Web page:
Teens take on species recovery
Colorado high school students release 250 endangered razorback suckers into the Colorado River, helping the endemic fish climb back toward safety.
Fifty years after President Richard Nixon signed the Endangered Species Act into law, students at Palisade High School (PHS) in Palisade, Colorado, celebrated their efforts to help one of those endangered species with a riverside fish fest.
The razorback sucker is a bottom-dwelling fish native to warm-water areas of the Colorado River that has been endangered since 1991. Thanks in part to work by students from the PHS Fish Hatchery, the razorback suckers are beginning to make a comeback.
On a sunny spring day this past May, students from the PHS Fish Hatchery gathered at a river access site near town to release approximately 250 razorback suckers into the Colorado River. The three-year-old program has now released approximately 750 razorback suckers.
“Your fish hatchery is a testament to the importance of working collaboratively to conserve our nation’s endangered species and their habitats,” said Martha Williams, director of the U.S. Fish and Wildlife Service in a pre-recorded message for the release. “Thank you for your commitment in recovering the razorback sucker and for leading the next generation of conservationists.” The hatchery program is part of the Upper Colorado River Endangered Fish Recovery Program, which coordinates recovery efforts, but students have raised money for the program themselves, selling peaches, donating scholarship funds and applying for grants.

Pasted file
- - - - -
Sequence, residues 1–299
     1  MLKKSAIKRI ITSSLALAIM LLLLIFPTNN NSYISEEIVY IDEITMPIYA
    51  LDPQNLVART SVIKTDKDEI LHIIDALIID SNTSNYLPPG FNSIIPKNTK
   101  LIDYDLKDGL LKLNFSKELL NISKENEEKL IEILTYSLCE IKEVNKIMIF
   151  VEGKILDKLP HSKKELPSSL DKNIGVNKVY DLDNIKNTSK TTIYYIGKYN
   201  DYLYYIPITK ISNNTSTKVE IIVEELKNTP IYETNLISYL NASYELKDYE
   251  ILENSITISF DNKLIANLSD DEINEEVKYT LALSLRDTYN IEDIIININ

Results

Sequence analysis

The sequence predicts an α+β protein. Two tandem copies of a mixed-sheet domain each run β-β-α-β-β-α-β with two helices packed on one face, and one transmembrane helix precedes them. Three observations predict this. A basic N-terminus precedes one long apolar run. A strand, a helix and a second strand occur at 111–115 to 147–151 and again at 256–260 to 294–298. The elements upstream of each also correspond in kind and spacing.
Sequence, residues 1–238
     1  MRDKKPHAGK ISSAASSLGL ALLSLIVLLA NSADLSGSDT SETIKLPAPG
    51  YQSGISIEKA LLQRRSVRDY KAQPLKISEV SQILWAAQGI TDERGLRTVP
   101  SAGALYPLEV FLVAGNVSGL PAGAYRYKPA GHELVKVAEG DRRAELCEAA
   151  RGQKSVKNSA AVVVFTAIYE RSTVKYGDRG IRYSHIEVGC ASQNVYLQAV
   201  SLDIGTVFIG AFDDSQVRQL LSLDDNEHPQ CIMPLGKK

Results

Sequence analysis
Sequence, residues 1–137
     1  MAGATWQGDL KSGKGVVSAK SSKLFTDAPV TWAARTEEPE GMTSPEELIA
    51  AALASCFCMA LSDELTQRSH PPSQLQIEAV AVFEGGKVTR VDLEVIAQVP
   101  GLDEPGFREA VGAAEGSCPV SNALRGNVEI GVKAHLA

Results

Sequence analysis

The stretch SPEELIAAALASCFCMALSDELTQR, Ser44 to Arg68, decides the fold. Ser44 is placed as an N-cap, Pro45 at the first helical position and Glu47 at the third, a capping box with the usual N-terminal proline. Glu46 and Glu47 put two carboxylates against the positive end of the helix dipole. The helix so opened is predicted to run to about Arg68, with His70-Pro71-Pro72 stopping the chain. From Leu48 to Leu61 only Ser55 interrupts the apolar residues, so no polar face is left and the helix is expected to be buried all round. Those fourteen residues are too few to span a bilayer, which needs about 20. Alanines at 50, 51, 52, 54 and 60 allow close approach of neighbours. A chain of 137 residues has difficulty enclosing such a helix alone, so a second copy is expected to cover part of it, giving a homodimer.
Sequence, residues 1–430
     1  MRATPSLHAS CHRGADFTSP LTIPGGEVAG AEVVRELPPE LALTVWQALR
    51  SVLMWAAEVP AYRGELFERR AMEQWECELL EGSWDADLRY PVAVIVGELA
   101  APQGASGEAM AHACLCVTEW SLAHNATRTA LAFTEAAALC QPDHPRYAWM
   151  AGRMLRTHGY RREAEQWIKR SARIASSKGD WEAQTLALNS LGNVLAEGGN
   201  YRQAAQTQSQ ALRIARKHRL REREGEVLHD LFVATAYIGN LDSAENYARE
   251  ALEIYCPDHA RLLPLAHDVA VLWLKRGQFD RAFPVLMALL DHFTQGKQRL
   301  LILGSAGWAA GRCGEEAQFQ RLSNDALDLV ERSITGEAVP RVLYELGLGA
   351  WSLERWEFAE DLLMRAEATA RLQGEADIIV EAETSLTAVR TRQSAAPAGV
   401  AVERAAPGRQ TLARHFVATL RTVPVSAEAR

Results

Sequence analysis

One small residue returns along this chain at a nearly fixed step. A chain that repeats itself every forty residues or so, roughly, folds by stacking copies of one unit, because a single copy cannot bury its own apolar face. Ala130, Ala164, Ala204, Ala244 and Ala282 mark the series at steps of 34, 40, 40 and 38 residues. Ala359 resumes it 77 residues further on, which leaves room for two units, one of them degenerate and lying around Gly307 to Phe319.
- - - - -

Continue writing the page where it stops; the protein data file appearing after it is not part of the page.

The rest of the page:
The celebratory event featured a speech from PHS biology teacher Patrick Steele, who helped start and now oversees the hatchery. “What we’re trying to teach our students is… every species has a niche in our ecosystems,” said Steele. “This fish has had a niche in the ecosystem for 4 million years or so, and it’s just within the last 65 years…where they’ve had problems with survival.”
Afterward, Steele led the razorback sucker release, which included a number of wet and slimy kisses for the fish before they were set free.
The experience can be a bit emotional, Steele said.
“I have two daughters … and it’s scary to think about sending them off in the world,” Steele said. “Raising these fish is pretty similar.”
“You’re letting your child go off to college or off into the world after they graduate from high school, and you’ve given them the skills to do so, and you just have to believe you’ve done the same thing with your fish when you release them into the river.”
Beyond repopulating the razorback sucker population, the PHS Fish Hatchery teaches the students lessons in responsibility and management. Each day, students feed the fish, take water chemistry tests, clean the tanks and observe the fish.
Charlotte Allen, a junior at PHS, took pride in the role she’s played with the project.
“These fish are endangered, and we have this super cool opportunity to grow these fish for the river,” Allen said. “They are a native species. They’re part of the reason we can have such good agriculture. They’re definitely meant to be here.”